6. The coinage of Queen Burān



Since a major tenet of my arguments is that Iranian kingly ideology never allowed for a king to claim divine powers, a counterexample in this respect would make a serious dent in my overall thesis. If recent readings of the legends on the coins of Burān, daughter of Xosrow II, are to be trusted then such a counter-example exists. The fact though is that the readings are incorrect and they do not provide a valid counter-example.



6.1. Past interpretations of the legends

The problematic legend occurs on the reverse of the coin of Burān (fig. 7); its reading has been the subject of many controversies all summarized by T. Daryaee in a recent article to which he added his own interpretation:[85]

a)      Kuntz and Warden: …GDH new bwlt’l (“Good bearer of glory”)

b)      R. Gِbl: gyh’n MN GDH new klt’l (“she who makes the earth strong with her (royal) splendor”)

c)      V. Curtis and H.M. Malek: Gyh’nt GDH new bwlt’l (“your world (is the) bringer of brave glory”)

d)      M.I. Mochiri: bwl’n tlwyn ZY yzd’n twhmk W gwhrt’l (« Bōrān victorieuse, de race divine et resplendissante »)

e)      T. Daryaee: bwl’n ZY yzd’n twhm wyn’lt’l (“Bōrān, restorer of the race of Gods”)


For (a), (b), (c) and (e) the left-side reads as bwl’n TLYN (Burān, two), i.e., it reiterates the name of the queen already struck on the obverse, plus the regnal year “two.” In terms of approach, the main difference between them is that (a), (b), and (c) consider the righthand side inscription as separate from the opposite side, while (d) and (e) consider the two sections as part of a continuous legend; Daryaee however, sets aside the number two and includes the other half of the left-side, that which contains the name of “Burān.”


The diversity in reading clearly points out to the difficulty in deciphering unfamiliar legends written in the usually corrupted Pahlavi script of coins. The acceptance of any reading must therefore rest on external factors; and since the yazdān toxmag (from the seeds of gods) part of (d) and (e) concurs with the Greek translation of the “ke čihr az yazadān” idiom of earlier Sāsānian coinage, these two readings have gained favor. At the same time, they provide added comfort to those who fervently believe in the validity of the Greek translations.


The assumption of the continuity of the two texts, adopted by (d) and (e) however, is contrary to standard epigraphic rules that if separated sections are part of the same legend, there should be some indication to that effect: e.g., they are written in a circular form (as in the coinage of Asdashir), or if a motif must intrude into the legend, the two sections on each side should butt against that motif. Most importantly, there must be some uniformity in style and character. Here, one can readily see that the characters of the left inscription are larger than those from the right, and there is no indication to suggest connectivity. We therefore have two separate legends. It means that the one on the right cannot start with the “ezafé” ZY (=i), and whatever the starting letter is, it must be incorporated into the next word. There is simply no yazdān in the legend.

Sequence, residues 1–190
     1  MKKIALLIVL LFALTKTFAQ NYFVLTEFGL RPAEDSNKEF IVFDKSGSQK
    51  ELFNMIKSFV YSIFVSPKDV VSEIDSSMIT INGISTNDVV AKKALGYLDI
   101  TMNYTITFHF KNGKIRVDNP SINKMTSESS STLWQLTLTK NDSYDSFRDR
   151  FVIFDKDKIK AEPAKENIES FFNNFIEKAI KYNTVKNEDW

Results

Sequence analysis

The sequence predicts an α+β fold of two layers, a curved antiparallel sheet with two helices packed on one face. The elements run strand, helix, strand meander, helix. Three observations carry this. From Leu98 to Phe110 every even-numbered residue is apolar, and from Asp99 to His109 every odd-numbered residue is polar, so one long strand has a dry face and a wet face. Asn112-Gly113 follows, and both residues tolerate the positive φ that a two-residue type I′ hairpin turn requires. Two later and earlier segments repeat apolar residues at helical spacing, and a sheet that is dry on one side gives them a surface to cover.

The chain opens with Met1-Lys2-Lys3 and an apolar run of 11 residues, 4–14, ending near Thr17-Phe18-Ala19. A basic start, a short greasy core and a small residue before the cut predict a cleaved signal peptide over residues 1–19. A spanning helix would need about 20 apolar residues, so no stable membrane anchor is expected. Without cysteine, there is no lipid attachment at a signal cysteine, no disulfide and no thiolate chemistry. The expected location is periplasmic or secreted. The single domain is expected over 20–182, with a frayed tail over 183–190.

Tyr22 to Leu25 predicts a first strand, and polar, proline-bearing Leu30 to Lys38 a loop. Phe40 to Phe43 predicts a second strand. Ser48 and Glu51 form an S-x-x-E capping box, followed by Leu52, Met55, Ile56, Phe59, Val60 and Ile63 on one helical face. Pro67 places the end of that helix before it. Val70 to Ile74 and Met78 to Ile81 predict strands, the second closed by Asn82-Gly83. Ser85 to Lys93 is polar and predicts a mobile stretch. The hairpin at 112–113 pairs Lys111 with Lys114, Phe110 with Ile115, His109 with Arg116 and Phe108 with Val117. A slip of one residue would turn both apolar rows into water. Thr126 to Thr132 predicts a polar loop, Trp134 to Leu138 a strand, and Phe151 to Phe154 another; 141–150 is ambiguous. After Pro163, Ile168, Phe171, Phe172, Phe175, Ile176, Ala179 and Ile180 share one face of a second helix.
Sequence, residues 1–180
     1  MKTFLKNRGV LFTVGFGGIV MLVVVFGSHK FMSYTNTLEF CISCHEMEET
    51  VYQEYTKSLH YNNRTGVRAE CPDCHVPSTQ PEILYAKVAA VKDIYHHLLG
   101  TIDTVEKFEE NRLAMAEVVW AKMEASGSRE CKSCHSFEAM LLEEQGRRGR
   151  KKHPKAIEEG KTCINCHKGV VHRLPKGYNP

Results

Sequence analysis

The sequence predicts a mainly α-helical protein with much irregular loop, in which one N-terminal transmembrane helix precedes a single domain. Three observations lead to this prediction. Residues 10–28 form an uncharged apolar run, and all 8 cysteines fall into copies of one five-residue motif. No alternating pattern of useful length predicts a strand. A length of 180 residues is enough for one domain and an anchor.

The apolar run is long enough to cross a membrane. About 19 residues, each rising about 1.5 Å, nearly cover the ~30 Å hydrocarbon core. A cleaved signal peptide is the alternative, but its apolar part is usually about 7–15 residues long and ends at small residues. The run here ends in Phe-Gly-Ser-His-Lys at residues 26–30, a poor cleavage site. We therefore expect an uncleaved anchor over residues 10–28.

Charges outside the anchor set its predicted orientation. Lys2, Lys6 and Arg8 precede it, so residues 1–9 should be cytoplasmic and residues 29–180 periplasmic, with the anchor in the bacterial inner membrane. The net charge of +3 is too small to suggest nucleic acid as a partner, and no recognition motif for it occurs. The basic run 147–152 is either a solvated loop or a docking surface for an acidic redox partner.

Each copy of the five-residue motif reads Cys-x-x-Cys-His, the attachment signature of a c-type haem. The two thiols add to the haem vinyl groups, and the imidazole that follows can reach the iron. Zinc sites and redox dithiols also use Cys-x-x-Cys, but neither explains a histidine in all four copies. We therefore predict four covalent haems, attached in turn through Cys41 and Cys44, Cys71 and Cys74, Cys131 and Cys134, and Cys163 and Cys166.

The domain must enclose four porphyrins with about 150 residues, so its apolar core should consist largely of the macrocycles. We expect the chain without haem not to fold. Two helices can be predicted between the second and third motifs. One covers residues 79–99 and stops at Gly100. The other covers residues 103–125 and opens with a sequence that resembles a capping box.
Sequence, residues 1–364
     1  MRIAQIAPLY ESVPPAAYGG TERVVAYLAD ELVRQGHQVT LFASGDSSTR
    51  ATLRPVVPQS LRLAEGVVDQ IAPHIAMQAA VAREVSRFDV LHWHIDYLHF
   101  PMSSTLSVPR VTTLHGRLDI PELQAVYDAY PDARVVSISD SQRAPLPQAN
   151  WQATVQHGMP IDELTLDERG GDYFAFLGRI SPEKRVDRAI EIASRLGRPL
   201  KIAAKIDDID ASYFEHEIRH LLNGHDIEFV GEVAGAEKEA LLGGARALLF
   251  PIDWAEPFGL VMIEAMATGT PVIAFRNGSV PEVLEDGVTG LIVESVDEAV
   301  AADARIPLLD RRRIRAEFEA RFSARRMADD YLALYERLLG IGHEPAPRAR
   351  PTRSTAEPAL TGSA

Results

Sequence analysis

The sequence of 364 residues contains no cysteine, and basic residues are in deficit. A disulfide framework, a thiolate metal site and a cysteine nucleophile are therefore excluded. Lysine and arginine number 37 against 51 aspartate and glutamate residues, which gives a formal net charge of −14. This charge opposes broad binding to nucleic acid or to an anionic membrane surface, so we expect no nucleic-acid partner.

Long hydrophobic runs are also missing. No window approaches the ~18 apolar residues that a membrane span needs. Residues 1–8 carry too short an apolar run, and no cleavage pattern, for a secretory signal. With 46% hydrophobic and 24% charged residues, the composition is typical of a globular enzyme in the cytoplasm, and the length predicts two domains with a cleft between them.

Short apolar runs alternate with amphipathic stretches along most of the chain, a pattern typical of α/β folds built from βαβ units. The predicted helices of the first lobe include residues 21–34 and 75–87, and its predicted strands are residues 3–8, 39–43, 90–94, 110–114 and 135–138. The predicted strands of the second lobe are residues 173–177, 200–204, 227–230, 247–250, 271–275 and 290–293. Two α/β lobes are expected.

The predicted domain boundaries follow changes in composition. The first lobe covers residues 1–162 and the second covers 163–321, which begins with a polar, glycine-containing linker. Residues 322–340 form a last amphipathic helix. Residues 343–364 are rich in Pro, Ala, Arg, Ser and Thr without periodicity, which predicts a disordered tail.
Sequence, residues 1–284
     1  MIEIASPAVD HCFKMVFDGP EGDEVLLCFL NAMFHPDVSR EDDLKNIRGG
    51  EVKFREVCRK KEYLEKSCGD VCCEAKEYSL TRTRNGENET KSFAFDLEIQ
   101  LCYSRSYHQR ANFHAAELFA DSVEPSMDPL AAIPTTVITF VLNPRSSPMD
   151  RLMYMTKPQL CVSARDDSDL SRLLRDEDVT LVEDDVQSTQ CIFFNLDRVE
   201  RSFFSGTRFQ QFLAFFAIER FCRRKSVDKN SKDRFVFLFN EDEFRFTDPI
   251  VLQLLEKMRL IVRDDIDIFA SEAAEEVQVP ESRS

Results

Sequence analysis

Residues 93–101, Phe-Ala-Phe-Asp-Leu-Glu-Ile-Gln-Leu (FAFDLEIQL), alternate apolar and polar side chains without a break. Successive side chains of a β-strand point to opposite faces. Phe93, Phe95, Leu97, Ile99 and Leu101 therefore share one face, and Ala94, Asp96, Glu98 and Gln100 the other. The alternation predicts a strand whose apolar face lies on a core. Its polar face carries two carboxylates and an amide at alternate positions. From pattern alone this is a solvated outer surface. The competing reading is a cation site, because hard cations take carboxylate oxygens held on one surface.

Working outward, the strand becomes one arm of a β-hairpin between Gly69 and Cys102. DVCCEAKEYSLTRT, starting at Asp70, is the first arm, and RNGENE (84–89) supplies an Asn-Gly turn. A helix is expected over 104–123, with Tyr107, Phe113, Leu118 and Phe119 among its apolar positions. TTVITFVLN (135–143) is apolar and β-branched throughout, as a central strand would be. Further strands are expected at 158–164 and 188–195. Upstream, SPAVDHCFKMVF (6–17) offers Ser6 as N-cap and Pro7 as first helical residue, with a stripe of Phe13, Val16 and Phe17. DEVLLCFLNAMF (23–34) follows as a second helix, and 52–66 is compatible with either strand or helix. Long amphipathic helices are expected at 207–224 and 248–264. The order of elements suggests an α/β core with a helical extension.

At this point I can rest my case since Burān’s coin no more constitutes a valid counterexample. If one deconstructs a previously accepted interpretation however, one has the duty to offer a more plausible one in its stead.



6.2. New interpretation

Traditionally, the reverse of the coin is where the information about regnal year and mint was struck (usually on opposite sides of the same circle). It was such an important tradition, that no new designer dared to completely abandon it, especially in uncertain times. Therefore, if the word TLYN=2 appears on one side, the mint name must somehow be incorporated on the opposite side of the standing figure. Trying to conform to this tradition, and also include additional slogans in order to enhance the legitimacy of a ruler whose reign was not unanimously accepted,[86] the designer devised a new layout: he divided the reverse of the coin into four quadrants created by an imaginary cross (fig. 7).


This four-partite division is suggested by the fact that the horizontal axis goes through on the one hand, right between the two words bwl’n and TALYN in quadrants 1 and 2, and on the other, because the size of the letters changes from quadrant 3 to 4 (those in 4 are slightly larger than those in 3).


As there is a quasi unanimous agreement on the reading of quadrants 1 and 2, I shall concentrate on 3 and 4 alone. The following possibilities are suggested:


Quadrant 3

  1. whšytk GDE (waxšitag[87]  xarrah = blazing aura). Mochiri has suggested that the name Burān must have meant “abundant red-hair (bur).”[88] For a person of Byzantine descent, this was indeed a possible feature. In addition, it would justify my reading, since the “abundant red-hair” could well be equated with a blazing aura. Moreover, in his listing of Sāsānian rulers, Biruni adds the qualification sa`ida (the auspicious) for Burān,[89] derived from the same term sa`āda (auspiciousness) that Mas`udi had used for xarrah in describing the signets of Xosrow II.[90] This qualification obviously concords with a person whose coinage described her as the one with a blazing xarrah.

  2. gwhl’n twhmk (gohrān toxmag = of multiple noble lineage). It emphasizes noble birth, and befits a ruler who claimed descent from the kings of both Iran and Byzantium.[91] Furthermore, Ferdowsi mentions that she received many gohars upon her ascent to the throne.[92] He uses the term in the sense of jewelry, but one wanders if it was not related to a possible mention of gohrān on her coinage.